The U.S. Department of Health & Human Services (HHS) recognizes nine HIV/AIDS awareness days ?to educate, motivate and mobilize? local communities.

They are:
Feb. 7 ? National Black HIV/AIDS Awareness Day
March 10 ? National Women & Girls HIV/AIDS Awareness Day
awareness.jpgMarch 20 ? National Native HIV/AIDS Awareness Day
May 18 ? HIV Vaccine Awareness Day
May 19 ? National Asian & Pacific Islander HIV/AIDS Awareness Day
June 8 ? Caribbean American HIV/AIDS Awareness Day
June 27 ? National HIV Testing Day
Oct. 15 ? National Latino AIDS Awareness Day
Dec. 1 ? World AIDS Day

(National HIV/AIDS & Aging Awareness Day was launched this year on Sept. 18, but it’s not yet on the official HHS lineup.)

Each day is organized by at least one nonprofit organization representing the people being served by that day. For example, the Latino Commission on AIDS, the Hispanic Federation and other organizations created a group called the National Planning Committee to coordinate the National Latino AIDS Awareness Day.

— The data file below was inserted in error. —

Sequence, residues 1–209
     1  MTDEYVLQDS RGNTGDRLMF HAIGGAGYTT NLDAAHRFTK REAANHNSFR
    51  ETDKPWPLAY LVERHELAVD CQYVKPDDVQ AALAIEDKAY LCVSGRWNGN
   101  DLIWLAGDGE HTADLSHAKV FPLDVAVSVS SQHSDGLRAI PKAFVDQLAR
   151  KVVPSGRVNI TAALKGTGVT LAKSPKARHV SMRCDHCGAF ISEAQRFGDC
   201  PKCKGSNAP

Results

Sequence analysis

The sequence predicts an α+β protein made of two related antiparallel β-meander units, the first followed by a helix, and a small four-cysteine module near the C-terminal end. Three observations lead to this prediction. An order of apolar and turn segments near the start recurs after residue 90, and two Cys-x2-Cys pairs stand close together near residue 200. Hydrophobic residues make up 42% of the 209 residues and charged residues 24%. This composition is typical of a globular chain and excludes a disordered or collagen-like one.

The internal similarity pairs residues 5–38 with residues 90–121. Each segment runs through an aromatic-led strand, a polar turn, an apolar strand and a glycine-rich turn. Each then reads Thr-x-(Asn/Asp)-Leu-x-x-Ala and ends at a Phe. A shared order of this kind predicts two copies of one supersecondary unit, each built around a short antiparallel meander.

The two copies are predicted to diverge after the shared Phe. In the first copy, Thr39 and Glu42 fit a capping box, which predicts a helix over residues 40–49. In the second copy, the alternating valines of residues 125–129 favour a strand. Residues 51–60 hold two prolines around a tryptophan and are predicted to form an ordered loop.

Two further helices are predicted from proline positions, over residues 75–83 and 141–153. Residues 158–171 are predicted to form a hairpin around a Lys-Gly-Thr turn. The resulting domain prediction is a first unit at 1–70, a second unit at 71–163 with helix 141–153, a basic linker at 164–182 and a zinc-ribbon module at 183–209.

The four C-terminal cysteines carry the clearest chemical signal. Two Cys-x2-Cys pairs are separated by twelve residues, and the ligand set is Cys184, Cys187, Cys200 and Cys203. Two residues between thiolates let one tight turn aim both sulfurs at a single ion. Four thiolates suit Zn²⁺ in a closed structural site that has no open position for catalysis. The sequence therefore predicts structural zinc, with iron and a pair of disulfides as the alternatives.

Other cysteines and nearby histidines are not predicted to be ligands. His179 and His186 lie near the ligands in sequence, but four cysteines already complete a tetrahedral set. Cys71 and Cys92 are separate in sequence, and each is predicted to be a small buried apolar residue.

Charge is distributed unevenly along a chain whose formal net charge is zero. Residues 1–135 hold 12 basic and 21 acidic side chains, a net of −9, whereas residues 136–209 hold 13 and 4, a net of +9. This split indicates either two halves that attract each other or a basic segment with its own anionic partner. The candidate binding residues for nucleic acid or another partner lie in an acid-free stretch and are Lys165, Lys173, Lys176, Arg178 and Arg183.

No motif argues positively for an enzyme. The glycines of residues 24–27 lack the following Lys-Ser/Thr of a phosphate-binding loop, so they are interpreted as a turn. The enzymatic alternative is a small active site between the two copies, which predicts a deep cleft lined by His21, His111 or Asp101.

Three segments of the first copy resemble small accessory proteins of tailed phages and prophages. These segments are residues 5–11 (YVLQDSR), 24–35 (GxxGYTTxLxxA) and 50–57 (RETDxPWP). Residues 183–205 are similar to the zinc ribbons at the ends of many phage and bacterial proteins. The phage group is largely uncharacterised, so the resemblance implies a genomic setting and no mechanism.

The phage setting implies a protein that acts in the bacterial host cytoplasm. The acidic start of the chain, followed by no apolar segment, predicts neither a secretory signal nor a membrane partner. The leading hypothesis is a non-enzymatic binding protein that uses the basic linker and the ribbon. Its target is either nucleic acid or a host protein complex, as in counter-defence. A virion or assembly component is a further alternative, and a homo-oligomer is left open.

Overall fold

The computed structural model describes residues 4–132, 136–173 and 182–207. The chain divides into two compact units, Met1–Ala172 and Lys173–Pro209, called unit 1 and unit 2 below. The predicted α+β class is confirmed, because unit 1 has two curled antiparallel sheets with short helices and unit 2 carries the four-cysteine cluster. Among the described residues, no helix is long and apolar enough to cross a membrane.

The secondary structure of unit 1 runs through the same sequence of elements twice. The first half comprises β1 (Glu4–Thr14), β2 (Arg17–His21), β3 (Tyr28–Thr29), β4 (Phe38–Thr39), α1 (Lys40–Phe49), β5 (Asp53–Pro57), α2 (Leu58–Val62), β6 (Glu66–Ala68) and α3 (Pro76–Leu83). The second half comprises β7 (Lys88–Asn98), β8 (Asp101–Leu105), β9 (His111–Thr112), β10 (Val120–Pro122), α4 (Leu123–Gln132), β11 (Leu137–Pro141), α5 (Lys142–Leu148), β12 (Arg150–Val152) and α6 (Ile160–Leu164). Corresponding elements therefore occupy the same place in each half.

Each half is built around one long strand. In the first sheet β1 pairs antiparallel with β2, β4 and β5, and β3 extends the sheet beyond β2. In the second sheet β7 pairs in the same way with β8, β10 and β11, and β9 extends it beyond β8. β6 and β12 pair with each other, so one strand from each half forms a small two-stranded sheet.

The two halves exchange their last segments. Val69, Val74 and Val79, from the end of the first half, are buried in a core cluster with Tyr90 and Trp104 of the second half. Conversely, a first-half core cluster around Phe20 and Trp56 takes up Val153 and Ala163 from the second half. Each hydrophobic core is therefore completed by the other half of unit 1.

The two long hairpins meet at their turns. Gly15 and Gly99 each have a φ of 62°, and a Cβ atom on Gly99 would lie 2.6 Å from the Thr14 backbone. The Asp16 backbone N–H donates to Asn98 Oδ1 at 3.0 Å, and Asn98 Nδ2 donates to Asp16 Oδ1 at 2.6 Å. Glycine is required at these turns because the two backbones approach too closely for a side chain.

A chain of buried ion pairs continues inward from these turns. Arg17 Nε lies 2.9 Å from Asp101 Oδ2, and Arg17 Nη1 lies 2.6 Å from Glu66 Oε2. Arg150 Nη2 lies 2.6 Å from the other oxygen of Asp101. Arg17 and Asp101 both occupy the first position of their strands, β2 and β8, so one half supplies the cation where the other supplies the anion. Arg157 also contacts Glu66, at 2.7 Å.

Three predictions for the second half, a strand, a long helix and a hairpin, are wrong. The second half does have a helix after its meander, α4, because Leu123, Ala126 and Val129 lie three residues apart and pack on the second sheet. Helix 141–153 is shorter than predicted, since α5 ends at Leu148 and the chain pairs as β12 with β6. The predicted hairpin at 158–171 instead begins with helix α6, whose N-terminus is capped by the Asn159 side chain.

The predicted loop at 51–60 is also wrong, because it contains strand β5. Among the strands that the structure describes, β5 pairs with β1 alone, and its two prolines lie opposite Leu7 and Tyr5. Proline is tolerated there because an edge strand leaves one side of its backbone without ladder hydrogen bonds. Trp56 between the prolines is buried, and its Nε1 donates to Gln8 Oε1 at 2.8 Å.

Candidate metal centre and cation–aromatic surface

There is no doubt in my mind that awareness days are effective in getting attention. The days stated above are all worthy of being awareness days?however, there is a serious omission in that list. Gay men have never had an awareness day to focus prevention and treatment messages on us?until now.

The National Association of People with AIDS (NAPWA) commemorates the first National Gay Men?s HIV/AIDS Awareness Day on September 27. NAPWA created this new awareness day ?to refocus attention on a community that has long been affected by the HIV epidemic here in the United States and abroad.? During the next year, NAPWA will create a national steering committee for this new awareness day.

Some critics may say that an awareness day for gay men is unnecessary. I hope the fact that gay men represented more than half of new HIV infections in the United States in 2006 puts that criticism to rest.